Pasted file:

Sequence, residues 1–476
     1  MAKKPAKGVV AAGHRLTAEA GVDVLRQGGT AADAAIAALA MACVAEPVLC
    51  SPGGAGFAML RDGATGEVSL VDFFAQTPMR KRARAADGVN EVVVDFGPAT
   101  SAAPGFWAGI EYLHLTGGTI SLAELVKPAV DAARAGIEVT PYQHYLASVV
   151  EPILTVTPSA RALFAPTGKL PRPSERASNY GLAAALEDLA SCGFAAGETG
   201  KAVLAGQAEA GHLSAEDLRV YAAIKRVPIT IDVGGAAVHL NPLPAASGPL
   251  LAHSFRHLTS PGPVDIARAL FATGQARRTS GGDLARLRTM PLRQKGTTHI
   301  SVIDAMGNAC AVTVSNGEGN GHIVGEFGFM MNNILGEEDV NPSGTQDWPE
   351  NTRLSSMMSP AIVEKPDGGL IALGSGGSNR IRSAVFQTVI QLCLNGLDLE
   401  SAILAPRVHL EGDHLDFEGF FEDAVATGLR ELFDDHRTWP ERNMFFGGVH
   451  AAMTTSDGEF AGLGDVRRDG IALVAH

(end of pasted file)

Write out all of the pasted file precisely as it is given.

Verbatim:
Sequence, residues 1–476
     1  MAKKPAKGVV AAGHRLTAEA GVDVLRQGGT AADAAIAALA MACVAEPVLC
    51  SPGGAGFAML RDGATGEVSL VDFFAQTPMR KRARAADGVN EVVVDFGPAT
   101  SAAPGFWAGI EYLHLTGGTI SLAELVKPAV DAARAGIEVT PYQHYLASVV
   151  EPILTVTPSA RALFAPTGKL PRPSERASNY GLAAALEDLA SCGFAAGETG
   201  KAVLAGQAEA GHLSAEDLRV YAAIKRVPIT IDVGGAAVHL NPLPAASGPL
   251  LAHSFRHLTS PGPVDIARAL FATGQARRTS GGDLARLRTM PLRQKGTTHI
   301  SVIDAMGNAC AVTVSNGEGN GHIVGEFGFM MNNILGEEDV NPSGTQDWPE
   351  NTRLSSMMSP AIVEKPDGGL IALGSGGSNR IRSAVFQTVI QLCLNGLDLE
   401  SAILAPRVHL EGDHLDFEGF FEDAVATGLR ELFDDHRTWP ERNMFFGGVH
   451  AAMTTSDGEF AGLGDVRRDG IALVAH